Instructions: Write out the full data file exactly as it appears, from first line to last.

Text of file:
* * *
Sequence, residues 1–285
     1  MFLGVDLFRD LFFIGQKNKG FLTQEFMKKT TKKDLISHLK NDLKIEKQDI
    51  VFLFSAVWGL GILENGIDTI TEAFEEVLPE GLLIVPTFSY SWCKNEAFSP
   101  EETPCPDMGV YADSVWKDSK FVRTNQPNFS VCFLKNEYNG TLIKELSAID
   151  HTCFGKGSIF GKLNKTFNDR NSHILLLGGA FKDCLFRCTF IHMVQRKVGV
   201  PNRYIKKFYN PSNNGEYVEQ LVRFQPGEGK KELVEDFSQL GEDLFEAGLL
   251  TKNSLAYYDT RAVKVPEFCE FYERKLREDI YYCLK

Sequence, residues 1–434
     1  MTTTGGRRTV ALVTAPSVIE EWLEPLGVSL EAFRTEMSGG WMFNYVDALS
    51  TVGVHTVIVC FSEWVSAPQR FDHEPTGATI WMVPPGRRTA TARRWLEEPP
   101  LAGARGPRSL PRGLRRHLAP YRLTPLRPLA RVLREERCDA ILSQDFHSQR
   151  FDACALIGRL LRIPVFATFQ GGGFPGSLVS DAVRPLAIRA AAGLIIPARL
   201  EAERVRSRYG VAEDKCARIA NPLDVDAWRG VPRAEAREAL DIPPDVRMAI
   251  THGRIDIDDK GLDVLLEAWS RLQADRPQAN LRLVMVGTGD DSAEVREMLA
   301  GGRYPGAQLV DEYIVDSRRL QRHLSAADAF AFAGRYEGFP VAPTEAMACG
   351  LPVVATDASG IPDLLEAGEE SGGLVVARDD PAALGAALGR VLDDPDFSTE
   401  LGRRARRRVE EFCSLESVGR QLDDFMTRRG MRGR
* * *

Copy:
Sequence, residues 1–285
     1  MFLGVDLFRD LFFIGQKNKG FLTQEFMKKT TKKDLISHLK NDLKIEKQDI
    51  VFLFSAVWGL GILENGIDTI TEAFEEVLPE GLLIVPTFSY SWCKNEAFSP
   101  EETPCPDMGV YADSVWKDSK FVRTNQPNFS VCFLKNEYNG TLIKELSAID
   151  HTCFGKGSIF GKLNKTFNDR NSHILLLGGA FKDCLFRCTF IHMVQRKVGV
   201  PNRYIKKFYN PSNNGEYVEQ LVRFQPGEGK KELVEDFSQL GEDLFEAGLL
   251  TKNSLAYYDT RAVKVPEFCE FYERKLREDI YYCLK

Sequence, residues 1–434
     1  MTTTGGRRTV ALVTAPSVIE EWLEPLGVSL EAFRTEMSGG WMFNYVDALS
    51  TVGVHTVIVC FSEWVSAPQR FDHEPTGATI WMVPPGRRTA TARRWLEEPP
   101  LAGARGPRSL PRGLRRHLAP YRLTPLRPLA RVLREERCDA ILSQDFHSQR
   151  FDACALIGRL LRIPVFATFQ GGGFPGSLVS DAVRPLAIRA AAGLIIPARL
   201  EAERVRSRYG VAEDKCARIA NPLDVDAWRG VPRAEAREAL DIPPDVRMAI
   251  THGRIDIDDK GLDVLLEAWS RLQADRPQAN LRLVMVGTGD DSAEVREMLA
   301  GGRYPGAQLV DEYIVDSRRL QRHLSAADAF AFAGRYEGFP VAPTEAMACG
   351  LPVVATDASG IPDLLEAGEE SGGLVVARDD PAALGAALGR VLDDPDFSTE
   401  LGRRARRRVE EFCSLESVGR QLDDFMTRRG MRGR